Energy Lancaster to help research new generation of fuel cells

Engineers from Lancaster University are working in collaboration with a cutting edge clean-tech company that has developed a new generation of fuel cells that could revolutionise energy supply to homes and businesses.

Ceres fuel cell productionExperts from Energy Lancaster - a research centre looking at solutions to meet the world’s future energy needs - are working in partnership with Ceres Power, a world-leading developer of low cost, next generation fuel cell technology used in combined heat and power (micro-CHP) systems.

Ceres Power’s fuel cell technology has the potential to transform gas to electricity and heat at the point of use for homes and businesses.

By generating power at the point of use, decentralised electricity generation through fuel cell micro-CHP has great efficiency advantages since energy losses in power transmission from large central power stations to homes are avoided - therefore saving consumers’ money, reducing CO2 emissions and improving energy security.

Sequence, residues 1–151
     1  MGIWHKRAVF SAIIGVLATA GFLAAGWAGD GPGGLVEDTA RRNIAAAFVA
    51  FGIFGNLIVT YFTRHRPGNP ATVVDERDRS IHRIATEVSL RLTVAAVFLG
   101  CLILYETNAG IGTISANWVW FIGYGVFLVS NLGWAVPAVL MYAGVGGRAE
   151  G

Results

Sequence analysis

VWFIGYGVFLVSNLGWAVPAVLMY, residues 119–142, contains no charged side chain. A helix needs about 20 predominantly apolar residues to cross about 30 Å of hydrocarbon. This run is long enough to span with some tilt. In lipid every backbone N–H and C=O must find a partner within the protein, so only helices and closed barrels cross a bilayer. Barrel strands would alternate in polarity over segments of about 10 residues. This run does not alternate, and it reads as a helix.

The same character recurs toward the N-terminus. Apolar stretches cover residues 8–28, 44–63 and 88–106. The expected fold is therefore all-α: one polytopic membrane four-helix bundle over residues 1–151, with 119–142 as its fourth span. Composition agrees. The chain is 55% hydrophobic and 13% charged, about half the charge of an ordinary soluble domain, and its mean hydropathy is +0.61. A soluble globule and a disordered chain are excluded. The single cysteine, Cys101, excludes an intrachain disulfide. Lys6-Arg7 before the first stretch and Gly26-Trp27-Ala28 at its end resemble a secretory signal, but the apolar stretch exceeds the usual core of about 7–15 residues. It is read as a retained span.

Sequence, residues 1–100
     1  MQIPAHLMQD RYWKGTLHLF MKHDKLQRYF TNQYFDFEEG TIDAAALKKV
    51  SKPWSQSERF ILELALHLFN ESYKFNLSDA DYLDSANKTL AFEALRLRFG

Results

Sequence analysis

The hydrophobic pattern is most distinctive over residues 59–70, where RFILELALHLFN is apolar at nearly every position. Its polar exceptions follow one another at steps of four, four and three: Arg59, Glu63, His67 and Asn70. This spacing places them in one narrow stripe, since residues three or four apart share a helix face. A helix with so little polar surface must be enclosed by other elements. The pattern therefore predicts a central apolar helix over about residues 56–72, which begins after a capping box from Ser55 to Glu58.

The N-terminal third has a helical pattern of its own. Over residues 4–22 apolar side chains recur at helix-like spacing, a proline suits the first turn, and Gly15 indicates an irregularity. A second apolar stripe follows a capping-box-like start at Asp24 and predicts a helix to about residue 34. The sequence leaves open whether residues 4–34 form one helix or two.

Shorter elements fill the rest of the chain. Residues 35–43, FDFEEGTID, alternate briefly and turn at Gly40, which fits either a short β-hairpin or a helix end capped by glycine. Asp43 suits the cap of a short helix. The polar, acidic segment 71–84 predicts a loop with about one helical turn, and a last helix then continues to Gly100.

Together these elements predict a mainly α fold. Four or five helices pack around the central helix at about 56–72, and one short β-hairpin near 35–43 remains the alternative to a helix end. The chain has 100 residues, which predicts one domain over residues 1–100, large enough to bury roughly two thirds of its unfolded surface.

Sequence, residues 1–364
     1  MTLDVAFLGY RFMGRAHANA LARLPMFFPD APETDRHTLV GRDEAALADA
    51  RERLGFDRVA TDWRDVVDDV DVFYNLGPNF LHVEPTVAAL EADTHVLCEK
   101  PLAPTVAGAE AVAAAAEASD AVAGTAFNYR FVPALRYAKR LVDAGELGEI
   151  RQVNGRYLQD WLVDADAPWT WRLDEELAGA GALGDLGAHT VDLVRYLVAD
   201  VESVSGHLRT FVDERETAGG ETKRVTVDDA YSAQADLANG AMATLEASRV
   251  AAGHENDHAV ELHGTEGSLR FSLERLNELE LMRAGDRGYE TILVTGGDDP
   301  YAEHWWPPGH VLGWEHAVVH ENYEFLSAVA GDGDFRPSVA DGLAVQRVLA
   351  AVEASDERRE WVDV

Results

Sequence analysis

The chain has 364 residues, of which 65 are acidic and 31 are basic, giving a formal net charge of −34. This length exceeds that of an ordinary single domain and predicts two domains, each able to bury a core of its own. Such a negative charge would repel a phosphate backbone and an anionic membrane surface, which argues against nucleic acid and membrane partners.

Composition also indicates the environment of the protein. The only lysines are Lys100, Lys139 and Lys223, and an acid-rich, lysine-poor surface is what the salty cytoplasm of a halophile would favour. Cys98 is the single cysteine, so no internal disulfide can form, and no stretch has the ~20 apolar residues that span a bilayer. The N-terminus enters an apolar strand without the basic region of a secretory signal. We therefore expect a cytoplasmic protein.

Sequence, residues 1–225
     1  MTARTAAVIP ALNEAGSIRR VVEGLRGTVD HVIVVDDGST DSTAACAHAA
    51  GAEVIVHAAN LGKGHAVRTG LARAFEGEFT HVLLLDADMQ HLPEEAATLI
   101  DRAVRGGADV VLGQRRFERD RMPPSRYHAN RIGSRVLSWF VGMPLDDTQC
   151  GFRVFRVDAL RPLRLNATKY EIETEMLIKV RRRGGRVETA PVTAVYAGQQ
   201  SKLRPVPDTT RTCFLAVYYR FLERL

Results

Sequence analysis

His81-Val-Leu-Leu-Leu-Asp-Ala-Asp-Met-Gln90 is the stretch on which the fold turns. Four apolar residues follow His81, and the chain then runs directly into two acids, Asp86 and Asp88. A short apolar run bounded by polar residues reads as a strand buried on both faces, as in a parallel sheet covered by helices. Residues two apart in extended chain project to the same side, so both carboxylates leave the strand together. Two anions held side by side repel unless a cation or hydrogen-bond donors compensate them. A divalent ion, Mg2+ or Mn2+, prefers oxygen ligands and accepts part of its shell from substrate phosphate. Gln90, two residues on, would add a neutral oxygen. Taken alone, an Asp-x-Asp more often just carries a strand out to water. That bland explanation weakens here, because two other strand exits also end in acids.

Following funding of £230,000 from the Technology Strategy Board (TSB), Energy Lancaster scientists and engineers will help improve Ceres Power’s understanding of the materials used to manufacture its steel cells. As Ceres commercialises its technology for a variety of market applications this enhanced understanding will help to inform next-generation designs.

Richard Dawson, lecturer in engineering at Lancaster University, said: “We will be working with Ceres Power over the next three years to help them to gain new insight into their innovative fuel cell design.

“This technology has significant potential to change the way power is distributed, bringing greater efficiency to fuel use, which has obvious environmental benefits, but also helping to reduce bills for homes and businesses.”

The funding will also help to pay for a Knowledge Transfer Partnership research associate from Lancaster University to be based with Ceres Power working on the technology. Mark Selby, technology director at Ceres Power, said: “Working with Lancaster’s experts will help us develop greater insight into the materials and processes we use to manufacture our Steel Cells. The TSB programme is also a great way to develop the engineering talent of the future, which is important for advancing industries like fuel cells.”